Head southwest about 15 miles from Miami, jump on Highway 1 and you’ll find yourself leaving the mainland U.S. and heading into the tropical haven of the Florida Keys. The “Overseas Highway” stretches from Key Largo in the north 113 miles down to Key West, touching numerous beautiful keys along the way. Now the scenery on this highway may be beautiful, but don’t let it distract you – it unfortunately has a very high rate of accidents, probably due to too many tourists rubber-necking their way along. Instead take it slow and take advantage of any opportunity to pull off the highway. The views are just as spectacular from the keys, and you’re on vacation so don’t be in a rush to get anywhere!
And if, like me, you’re interested in avoiding rollicking crowds, there are numerous ways to enjoy the bounties of nature in the Keys. Eco-tourism is the way to go.
Islamorada also offers some interesting canoeing and kayaking options. You can paddle your way through shallow grass flats in search of dolphins, manatees, sharks and rays. Then head to Lignumvitae Key Botanical State Park, accessible only by boat, where you can take a ranger-guided hike through the unusual botanical environment of a “tropical hardwood hammock”.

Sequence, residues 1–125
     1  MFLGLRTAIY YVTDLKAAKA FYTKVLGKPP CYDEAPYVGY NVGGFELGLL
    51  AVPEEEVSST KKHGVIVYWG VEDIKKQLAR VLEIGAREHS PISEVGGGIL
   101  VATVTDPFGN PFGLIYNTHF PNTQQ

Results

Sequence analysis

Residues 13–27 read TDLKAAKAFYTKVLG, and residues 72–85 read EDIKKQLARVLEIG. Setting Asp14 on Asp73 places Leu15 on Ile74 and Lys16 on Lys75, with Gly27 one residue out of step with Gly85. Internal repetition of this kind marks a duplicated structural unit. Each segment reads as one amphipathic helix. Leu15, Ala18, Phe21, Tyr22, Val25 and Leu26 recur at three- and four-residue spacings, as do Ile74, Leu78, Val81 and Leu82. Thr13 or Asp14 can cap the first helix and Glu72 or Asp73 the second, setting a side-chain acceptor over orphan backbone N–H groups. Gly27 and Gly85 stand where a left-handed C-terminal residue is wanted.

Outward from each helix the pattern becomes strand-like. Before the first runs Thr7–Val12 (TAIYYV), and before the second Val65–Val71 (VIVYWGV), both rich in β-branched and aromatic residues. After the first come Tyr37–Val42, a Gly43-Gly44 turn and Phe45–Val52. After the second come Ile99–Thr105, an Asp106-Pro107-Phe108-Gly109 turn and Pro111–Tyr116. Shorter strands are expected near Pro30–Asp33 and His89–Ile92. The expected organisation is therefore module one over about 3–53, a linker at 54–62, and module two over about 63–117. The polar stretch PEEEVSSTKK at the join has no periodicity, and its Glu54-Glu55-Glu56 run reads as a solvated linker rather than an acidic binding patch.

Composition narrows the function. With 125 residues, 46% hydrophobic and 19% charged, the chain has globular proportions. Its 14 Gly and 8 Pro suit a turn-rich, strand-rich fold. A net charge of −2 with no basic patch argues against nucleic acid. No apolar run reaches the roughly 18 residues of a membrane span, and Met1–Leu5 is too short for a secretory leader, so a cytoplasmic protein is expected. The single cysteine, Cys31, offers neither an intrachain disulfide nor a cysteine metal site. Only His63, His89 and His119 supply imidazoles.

Vaca Key is known for having some of the best snorkeling in the Florida Keys. Only a couple miles offshore are numerous shallow-water coral patches, where you can spend hours trying to name all of the different fish you see. Bird lovers can take a short hike through Crane Point Hammock where they might spot white crowned pigeons, ibis or herons.
As you continue further south along the Overseas Highway into the Lower Keys you might want to stop at Bahia Honda State Park with its award-winning beaches, or visit the nearby Looe Key National Marine Sanctuary. Looe Key is reputed to have some of the best scuba diving opportunities in the Florida Keys, especially around the H.M.S. Looe which sank in 1744 and the extensive coral reef formations throughout the sanctuary. Big Pine Key is home to the National Key Deer Refuge where you can see the rare key deer – a diminutive version of the white tail deer.
And if you really want to get away from it all, you can kayak your way through the Florida Keys “backcountry” – areas not easily accessible to boat traffic and therefore unspoiled and filled with life. You might spot great white herons or even a bald eagle or watch dolphins playing in the shallows while you kayak your way over colorful sponge flats. It doesn’t get much more relaxing!
Just remember – if you’re in the Florida Keys to enjoy nature, then you may want to stay north of Key West. Although it’s beautiful, it is also the most populated island in the Keys and attracts the largest number of rowdy spring breakers. Find the quieter spots along the way and you too can enjoy “spring break in Florida”!
Note: no promotional consideration was provided or paid for this article.